United States District Court, E.D. Missouri, Eastern Division
MEMORANDUM AND ORDER
A. ROSS UNITED STATES DISTRICT JUDGE.
matter is before the Court on plaintiffs motion for leave to
commence this action without payment of the required filing
fee. The motion will be granted, and plaintiff will be
assessed an initial partial filing fee of $1.00. See
28 U.S.C. §1915. Furthermore, based upon a review of the
complaint, the Court finds that because plaintiff is
proceeding pro se, the Court will allow plaintiff to file an
amended complaint on the Court's form. Plaintiff has
thirty (30) days from the date of this Order to file an
amended complaint in accordance with the specific
instructions set forth here.
U.S.C. § 1915(e)
to 28 U.S.C. § 1915(e)(2)(B), the Court may dismiss a
complaint filed in forma pauperis if the action is frivolous,
malicious, fails to state a claim upon which relief can be
granted, or seeks monetary relief against a defendant who is
immune from such relief. An action is frivolous if "it
lacks an arguable basis in either law or in fact."
Neitzke v. Williams, 490 U.S. 319, 328 (1989). An
action fails to state a claim upon which relief can be
granted if it does not plead "enough facts to state a
claim to relief that is plausible on its face." Bell
Atlantic Corp. v. Twombly, 550 U.S. 544, 570 (2007). In
reviewing a pro se complaint under § 1915(e)(2)(B), the
Court must give the complaint the benefit of a liberal
construction. Haines v. Kerner, 404 U.S. 519, 520
(1972). The Court must also weigh all factual allegations in
favor of the plaintiff, unless the facts alleged are clearly
baseless. Denton v. Hernandez, 504 U.S. 25, 32-33
an inmate at the Western Missouri Correctional Center
("WMCC") in Cameron, Missouri, seeks monetary
relief in this action for the violation of his constitutional
rights under 42 U.S.C. § 1983. It appears that
plaintiffs allegations arise out of his incarceration at the
Moberly Correctional Center in 2014. Named as defendants are Paul
Jones, M.D. (Corizon Medical Services, Medical Director) and
Corizon Medical Services ("Corizon").
alleges in a conclusory fashion that Dr. Jones violated his
Eighth Amendment rights to be provided adequate medical care.
However, plaintiff has failed to allege exactly when and
where defendant Jones failed to provide him proper care.
Plaintiff has only alleged in a general fashion that
defendant failed to treat him when his injuries were "so
obvious that even a lay person would easily recognize the
necessity for a doctor's attention." Plaintiff has
also complained, in a conclusory fashion, that Dr. Jones left
him with physical disfigurement. However, he has failed to
state exactly how Dr. Jones left him in such a state, and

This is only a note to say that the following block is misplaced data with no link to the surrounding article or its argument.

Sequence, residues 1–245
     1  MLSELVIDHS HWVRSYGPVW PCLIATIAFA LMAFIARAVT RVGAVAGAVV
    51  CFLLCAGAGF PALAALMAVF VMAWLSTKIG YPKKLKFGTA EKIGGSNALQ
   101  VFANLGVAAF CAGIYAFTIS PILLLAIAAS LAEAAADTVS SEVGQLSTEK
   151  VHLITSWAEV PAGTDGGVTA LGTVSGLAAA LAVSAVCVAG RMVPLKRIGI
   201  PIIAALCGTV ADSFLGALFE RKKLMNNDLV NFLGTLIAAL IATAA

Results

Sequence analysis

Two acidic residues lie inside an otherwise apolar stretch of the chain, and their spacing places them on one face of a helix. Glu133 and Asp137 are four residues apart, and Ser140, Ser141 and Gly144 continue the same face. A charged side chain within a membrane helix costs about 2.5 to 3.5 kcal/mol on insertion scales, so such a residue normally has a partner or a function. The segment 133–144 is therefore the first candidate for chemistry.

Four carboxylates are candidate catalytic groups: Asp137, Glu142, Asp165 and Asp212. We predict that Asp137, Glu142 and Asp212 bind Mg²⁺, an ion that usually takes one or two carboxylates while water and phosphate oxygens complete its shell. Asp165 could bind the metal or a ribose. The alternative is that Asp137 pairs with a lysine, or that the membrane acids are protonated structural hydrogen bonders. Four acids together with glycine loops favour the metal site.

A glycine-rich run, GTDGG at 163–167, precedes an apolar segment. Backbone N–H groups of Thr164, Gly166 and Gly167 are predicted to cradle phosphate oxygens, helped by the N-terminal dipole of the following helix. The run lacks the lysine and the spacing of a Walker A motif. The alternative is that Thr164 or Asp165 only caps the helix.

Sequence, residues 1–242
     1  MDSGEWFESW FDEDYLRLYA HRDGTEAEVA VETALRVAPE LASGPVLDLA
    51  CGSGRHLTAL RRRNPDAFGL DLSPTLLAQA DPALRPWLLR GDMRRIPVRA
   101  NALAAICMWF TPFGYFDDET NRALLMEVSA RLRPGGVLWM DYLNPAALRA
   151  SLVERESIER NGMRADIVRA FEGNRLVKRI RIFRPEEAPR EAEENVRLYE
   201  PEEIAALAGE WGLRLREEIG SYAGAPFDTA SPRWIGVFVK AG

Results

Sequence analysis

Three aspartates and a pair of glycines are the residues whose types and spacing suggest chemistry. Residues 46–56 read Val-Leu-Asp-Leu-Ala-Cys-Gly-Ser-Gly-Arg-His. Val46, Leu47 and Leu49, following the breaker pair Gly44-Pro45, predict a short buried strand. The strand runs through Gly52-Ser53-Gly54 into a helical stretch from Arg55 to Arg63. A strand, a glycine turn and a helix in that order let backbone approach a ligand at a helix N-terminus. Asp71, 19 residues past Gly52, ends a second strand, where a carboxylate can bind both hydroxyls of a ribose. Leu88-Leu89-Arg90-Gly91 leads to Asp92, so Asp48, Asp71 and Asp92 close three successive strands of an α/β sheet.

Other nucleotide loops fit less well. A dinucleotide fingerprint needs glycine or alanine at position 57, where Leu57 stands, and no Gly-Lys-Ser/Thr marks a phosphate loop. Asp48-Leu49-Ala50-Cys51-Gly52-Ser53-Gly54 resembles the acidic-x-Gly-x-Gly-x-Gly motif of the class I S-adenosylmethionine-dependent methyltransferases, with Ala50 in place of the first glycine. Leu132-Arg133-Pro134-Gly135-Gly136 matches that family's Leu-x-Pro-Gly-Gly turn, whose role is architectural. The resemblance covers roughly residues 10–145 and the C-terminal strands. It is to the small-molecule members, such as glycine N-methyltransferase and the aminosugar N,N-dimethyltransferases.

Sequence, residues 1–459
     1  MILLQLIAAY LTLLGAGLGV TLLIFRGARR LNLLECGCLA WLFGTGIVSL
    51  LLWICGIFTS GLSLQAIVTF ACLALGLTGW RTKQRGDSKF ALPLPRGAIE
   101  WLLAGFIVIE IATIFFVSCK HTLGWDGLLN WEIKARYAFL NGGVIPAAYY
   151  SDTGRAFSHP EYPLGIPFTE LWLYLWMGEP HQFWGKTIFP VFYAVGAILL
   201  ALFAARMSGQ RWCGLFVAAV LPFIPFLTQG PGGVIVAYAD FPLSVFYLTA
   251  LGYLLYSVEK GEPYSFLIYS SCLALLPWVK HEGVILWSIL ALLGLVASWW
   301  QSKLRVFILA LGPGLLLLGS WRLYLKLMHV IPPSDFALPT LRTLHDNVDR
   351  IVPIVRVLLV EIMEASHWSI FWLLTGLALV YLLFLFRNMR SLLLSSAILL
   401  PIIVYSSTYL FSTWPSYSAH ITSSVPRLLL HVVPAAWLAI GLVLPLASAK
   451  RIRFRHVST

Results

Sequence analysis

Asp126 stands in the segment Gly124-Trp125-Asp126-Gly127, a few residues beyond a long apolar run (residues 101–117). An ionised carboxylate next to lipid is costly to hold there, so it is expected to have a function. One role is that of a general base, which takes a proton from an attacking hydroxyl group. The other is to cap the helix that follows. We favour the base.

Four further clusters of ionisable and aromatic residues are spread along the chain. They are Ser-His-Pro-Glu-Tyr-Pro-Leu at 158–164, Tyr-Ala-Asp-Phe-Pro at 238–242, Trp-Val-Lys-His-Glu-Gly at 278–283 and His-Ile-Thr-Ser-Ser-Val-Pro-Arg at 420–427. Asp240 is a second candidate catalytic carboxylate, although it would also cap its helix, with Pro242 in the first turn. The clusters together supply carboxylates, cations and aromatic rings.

whether the disfigurement was a result of Dr. Jones'
failure to treat plaintiff or as a result of an unexplained
or undiagnosed medical illness.
carefully reviewed the complaint, the Court concludes that
dismissal is warranted under 28 U.S.C. § 1915(e)(2)(B).
First, as stated above, plaintiff has failed to make personal
allegations against Dr. Jones in his complaint.
under § 1983 requires a causal link to, and direct
responsibility for, the alleged deprivation of rights."
Madewell v. Roberts, 909 F.2d 1203, 1208 (8th Cir.
1990); see also Martin v. Sargent, 780 F.2d 1334,
1338 (8th Cir. 1985) (claim not cognizable under § 1983
where plaintiff fails to allege defendant was personally
involved in or directly responsible for incidents that
injured plaintiff); Boyd v. Knox, 47 F.3d 966, 968
(8th Cir. 1995) (respondeat superior theory inapplicable in
§ 1983 suits).
instant action, plaintiff has not set forth any facts
indicating that Dr. Jones injured him on a specific date by
doing a specific act, or by omitting to engage in a specific
act. As a result, the complaint fails to state a claim upon
which relief can be granted.
as currently pled, the complaint also fails to state a claim
against defendants due to the way in which plaintiff has
alleged his claims against defendants in their official
brings this action against Dr. Paul Jones in his official
capacity. See Egerdahl v. Hibbing Community College,
72 F.3d 615, 619 (8th Cir. 1995) (where a complaint is silent
about defendant's capacity, Court must interpret the
complaint as including official-capacity claims); Nix v.
Norman, 879 F.2d 429, 431 (8th Cir. 1989). To state a
claim against a Corizon employee in his official capacity, a
plaintiff must allege that a policy or custom of his employer
is responsible for the alleged constitutional violation.
See Monell v. Dept of Social Services, 436 U.S. 658,
690-91 (1978). The instant complaint does not contain any
allegations that a policy or custom of Corizon was
responsible for the alleged violations of plaintiffs
constitutional rights. As a result, the complaint is legally
frivolous and fails to state a claim upon which relief can be
granted as to both defendants Paul Jones and Corizon.
plaintiff is proceeding pro se, the Court will allow
plaintiff to amend his complaint rather than dismiss the
complaint at this time. Plaintiff is warned that the filing
of an amended complaint replaces the original complaint and
all previously-filed pleadings, so plaintiff must include
each and every one of the claims he wishes to pursue in the
amended complaint. See, e.g., In re Wireless Telephone
Federal Cost Recovery Fees Litigation,396 F.3d 922, 928
(8th Cir. 2005). Any claims from the original complaint,
supplements, and/or pleadings that are not included in the
amended complaint will be deemed abandoned and will not be
considered. Id. The allegations in the complaint
must show how each and every defendant is directly
responsible for the alleged harms. If plaintiff wishes to sue